Calais refugee life is filled with the power of words
Anzio, the wordsmith. His broad smile and the laugh lines around his eyes communicate joy. He’s part of the cooking team that’s come to Maria Skobtsova House to prepare a celebratory feast for Orthodox Christmas on January 7th. Seeing the white board on the wall, he asks for a pen. ‘Life is…’
He stops writing. “How do you spell ‘sacred’?” I tell him. ‘Life is sacred’; his triune is complete.
Merhawi now takes the pen. ‘I didn’t decide to be born,’ he writes, ‘I won’t decide when I’ll die; just let me live how I want.’ His smile is one of satisfaction, yet hints at something deeper, more painful.
Back in the Eritrean camp, Anzio has been at work on the tents that line the base of the UK funded ‘security wall’.
‘Dear problems please give me some discount, I am your regular customer’ is penned across the flysheet of one of the tents. On his own, he has written ‘Never Give Up!!’. But this has irked the CRS, the French riot police. “They came and cut it.” Duct tape covers the slash, near obliterating the ‘N’ of ‘Never’.
A map of the world crisscrossed by planes and flight lines adorns Yoel’s small rucksack. An open world, travel friendly.
But what irony. Yoel, like most of the Eritrean refugee community in Calais, has crossed the world as a commodity; he’s been trafficked, tortured, and, once in Europe, rejected by the asylum system. His only hope now is to stow away in a UK-bound truck. But these are changed days; Brexit has happened.
“Where are the trucks?” the guys ask daily. It’s well into January. The flow of trucks arriving into France from the UK continues unabated. But nothing is going the other way.
“Is UK closed?” I offer words that I hope will reassure, that more than half of the UK’s imports come from Europe, the trucks will resume.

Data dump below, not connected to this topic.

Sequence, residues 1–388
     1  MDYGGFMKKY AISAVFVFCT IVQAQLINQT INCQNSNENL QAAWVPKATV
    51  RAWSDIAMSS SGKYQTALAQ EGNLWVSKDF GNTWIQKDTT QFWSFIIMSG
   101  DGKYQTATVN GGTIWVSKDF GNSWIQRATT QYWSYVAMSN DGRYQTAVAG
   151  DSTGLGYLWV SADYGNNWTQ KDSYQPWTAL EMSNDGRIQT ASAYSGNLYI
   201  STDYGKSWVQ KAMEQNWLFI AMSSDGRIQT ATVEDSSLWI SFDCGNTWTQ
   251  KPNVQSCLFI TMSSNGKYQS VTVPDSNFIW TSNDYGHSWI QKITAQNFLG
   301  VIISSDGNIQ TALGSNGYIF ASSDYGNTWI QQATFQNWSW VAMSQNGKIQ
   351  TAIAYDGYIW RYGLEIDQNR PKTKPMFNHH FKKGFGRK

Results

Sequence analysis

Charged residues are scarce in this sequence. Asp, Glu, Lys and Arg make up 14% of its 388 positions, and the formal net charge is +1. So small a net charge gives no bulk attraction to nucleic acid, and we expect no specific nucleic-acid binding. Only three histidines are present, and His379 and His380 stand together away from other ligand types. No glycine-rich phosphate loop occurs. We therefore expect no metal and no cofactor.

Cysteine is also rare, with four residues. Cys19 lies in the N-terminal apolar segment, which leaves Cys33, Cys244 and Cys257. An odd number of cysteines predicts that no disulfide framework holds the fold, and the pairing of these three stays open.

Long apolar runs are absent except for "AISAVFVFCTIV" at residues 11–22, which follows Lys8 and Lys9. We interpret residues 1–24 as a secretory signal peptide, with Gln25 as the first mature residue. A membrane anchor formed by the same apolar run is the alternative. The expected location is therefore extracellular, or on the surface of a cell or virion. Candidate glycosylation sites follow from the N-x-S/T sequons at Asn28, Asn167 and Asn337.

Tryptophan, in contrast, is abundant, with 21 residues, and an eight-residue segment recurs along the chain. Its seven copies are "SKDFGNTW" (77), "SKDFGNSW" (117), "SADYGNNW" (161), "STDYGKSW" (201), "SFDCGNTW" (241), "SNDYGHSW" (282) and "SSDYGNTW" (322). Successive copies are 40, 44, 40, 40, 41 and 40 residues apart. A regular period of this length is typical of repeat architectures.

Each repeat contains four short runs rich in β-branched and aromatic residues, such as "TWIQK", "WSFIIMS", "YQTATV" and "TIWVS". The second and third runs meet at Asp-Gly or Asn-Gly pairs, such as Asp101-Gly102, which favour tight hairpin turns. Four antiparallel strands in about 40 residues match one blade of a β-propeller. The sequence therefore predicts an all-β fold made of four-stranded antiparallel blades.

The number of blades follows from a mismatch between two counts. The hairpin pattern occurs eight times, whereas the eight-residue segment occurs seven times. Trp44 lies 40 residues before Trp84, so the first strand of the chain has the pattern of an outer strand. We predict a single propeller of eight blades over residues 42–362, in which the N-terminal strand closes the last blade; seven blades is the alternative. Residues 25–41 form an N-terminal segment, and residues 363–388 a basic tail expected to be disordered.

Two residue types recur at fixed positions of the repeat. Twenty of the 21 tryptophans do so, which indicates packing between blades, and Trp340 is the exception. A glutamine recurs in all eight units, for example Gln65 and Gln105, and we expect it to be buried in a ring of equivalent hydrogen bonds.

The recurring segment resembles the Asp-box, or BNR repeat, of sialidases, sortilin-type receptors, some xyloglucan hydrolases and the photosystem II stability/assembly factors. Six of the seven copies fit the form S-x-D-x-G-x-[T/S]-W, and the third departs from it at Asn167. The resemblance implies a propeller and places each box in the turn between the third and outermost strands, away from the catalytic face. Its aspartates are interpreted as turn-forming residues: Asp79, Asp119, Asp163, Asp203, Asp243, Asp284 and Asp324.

“I need to go to England. Can you help, or Catholic Church England?”
“There is nothing I can do, Negassi, and there’s nothing the Church can do. I am sad to tell you this.”
There comes a typically gracious reply;
“Thanks very much, Alex. I am sorry, no sad please.”
The next request is manageable. I’m approached by another Eritrean as I’m leaving the swampland of the largest of the Eritrean camps. “Can you take a Bible to UK?”
Several days pass, and several people have been involved before I’m handed the Bible, wrapped in two sleeping bag covers. In London I hand the Bible to Teodros. I’d been expecting a young Eritrean; Teodros’ hair and moustache are liberally peppered with grey, his hairline receding. He has a gentle, warm face.
“Thank you, thank you.” His gratitude is boundless. “I am happy to meet you, and my Bible. This book,” he pauses, looking at me intently, “this book is my life.”
Fireside. An architecture of timber, shaped like a mini-Stonehenge, surrounds the fire. After endless days of rain, the logs must first be dried before being put on the fire.
Johnathon, chef supremo, is whittling an old broom handle. It will be his pot stirrer. The words on his t-shirt include, ‘Never be unwilling to do a good deed.’
“You want tea, coffee, milk?” Seeing the ‘Max’ logo across dozens of half litre cartons of milk, I realise supplies are good. I opt for milk. The Max carton stack offers a clean haven for ‘CRS’, the camp cat, who appears used to a more salubrious setting. She pads delicately across the muddy terrain. Ultra-biddable, she’s scooped up and held close to a chest, yanked into someone’s arms by the tail, sleeps the night in the shelter of tent. But she’s no ratter. Rats run amok, eating the food, gnawing holes in the tents. They play brazen games of chase on the perimeter of the camp.
CRS ignores the rats. But the real CRS, the Compagnies Républicaines de Sécurité, ignores nothing. Aklilu the dancer, Aklilu whose scarred adult face lights up with the cheekiness of a little boy, is nursing a broken right wrist. The plaster cast, not yet twenty-four hours old, is already staining brown.
“CRS, they hit me.” His vulnerability is raw. He’s a little boy again. Someone puts music on. His face lights up. Soon he’s swinging his good arm to the rhythm of the sound.
An extract from Austin Smith's 'Passion for the Inner City': the psychological violence of 'waiting' which the powerless in our societies experience.
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